That’s a really good way to put it. And I will point out that it’s very interesting, because we just finished talking about how systems are very important. And it seems that you have also systemize the process of mentoring me, that’s really cool that you send the questionnaires in advance and makes it became necessary.
Hillery Hunter (IBM) 34:08
Yeah, it became necessary, right? I’m not necessarily someone that wants to naturally systematize everything, I don’t think, but it became necessary, you know, to be more efficient about it, so that I could talk to more people so I could help more people. And so that I can ensure that my time and the time of others is being you know, spent in the best way.
Aydin Mirzaee (Fellow.app) 34:28
Yeah, that’s a very good way to put it. One of the things that I think we should definitely talk about because I know this is a big part of your role, and I think it’s also a challenge for a lot of people. Mostly because human nature is I feel like in a lot of ways to resist change. And change management is always really hard and I know a lot of what you focus on his helping you know a lot of organizations make changes move to the cloud, you know, embrace the digital future. Wanted to ask you what is the hardest thing about Getting organizations to change and what have you learned about getting them to effectively do it for all of us trying to learn about change management?
Hillery Hunter (IBM) 35:09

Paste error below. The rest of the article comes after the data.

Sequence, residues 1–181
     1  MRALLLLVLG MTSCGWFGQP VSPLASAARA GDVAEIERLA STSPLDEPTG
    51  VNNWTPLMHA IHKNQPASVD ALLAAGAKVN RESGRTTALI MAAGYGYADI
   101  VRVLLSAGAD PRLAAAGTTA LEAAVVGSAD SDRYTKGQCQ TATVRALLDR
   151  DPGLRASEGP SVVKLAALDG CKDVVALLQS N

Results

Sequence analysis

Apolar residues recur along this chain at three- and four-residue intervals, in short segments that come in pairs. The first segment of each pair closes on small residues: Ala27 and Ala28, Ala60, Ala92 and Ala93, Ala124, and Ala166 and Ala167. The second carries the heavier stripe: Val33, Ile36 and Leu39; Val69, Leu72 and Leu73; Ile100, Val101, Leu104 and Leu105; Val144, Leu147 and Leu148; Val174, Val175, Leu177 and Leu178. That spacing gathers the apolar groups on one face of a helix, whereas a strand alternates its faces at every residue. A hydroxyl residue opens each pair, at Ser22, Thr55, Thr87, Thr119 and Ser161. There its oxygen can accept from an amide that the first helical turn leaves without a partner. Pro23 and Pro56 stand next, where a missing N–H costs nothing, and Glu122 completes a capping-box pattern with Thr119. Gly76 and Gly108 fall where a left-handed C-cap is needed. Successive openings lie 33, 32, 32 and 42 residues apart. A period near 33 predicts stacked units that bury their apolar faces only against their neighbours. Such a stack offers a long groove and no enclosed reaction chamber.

Yeah, it’s been interesting because I’ve started oftentimes in consultative conversations with clients sharing a couple of best practices that I’ve seen in this topic, a cloud transformation, which is often one of the greatest areas of changes, and then an enterprise, you know, can undergo these days, my favorite best practice stories that I share are really about where teams and committees are put together, and are jointly responsible for change, rather than change being a particular person’s job. And in cloud transformation, certainly, there will be someone who is you know, the VP or, or something of cloud architecture, or cloud delivery, cloud transformation. But that person also has collaborators who feel equal responsibility that does collaborators in the security office, the Chief Information Security Office, the chief risk office, within a regulated enterprise, the software and applications, the sort of line of business leaders, etc. The best practice that I’ve seen is a couple of organizations that really have the move to cloud, the journey to cloud all of this change is really a set of metrics, a set of KPIs that a group of people are jointly responsible for. And this eliminates a tremendous amount of conflict between, you know, someone saying, I gotta go to cloud and someone else saying, well, it’s not safe to go to cloud and someone else saying, I don’t understand the risk of going to cloud, and an application or owner saying, you know, you should have been there yesterday, because I need the functionality. And so you know, when it’s when it’s divided up, and isn’t a mutual responsibility, change just doesn’t happen as quickly because everyone kind of has questions. And certain people are empowered to be blockers to a process. And when an organization agrees on the high level metric, and the outcome, that for example, that application owner actually is the person that’s right, so to say that the business will get more value out of being on the cloud, because there’s going to be new functionality and new capabilities that they integrate, then everyone understands what the high level business objective is, the move to the cloud becomes the enabler. And people work together, you know, to get that outcome. And so I think there’s some very, you know, concrete things in kind of joint accountability, that can really help facilitate the pace of change,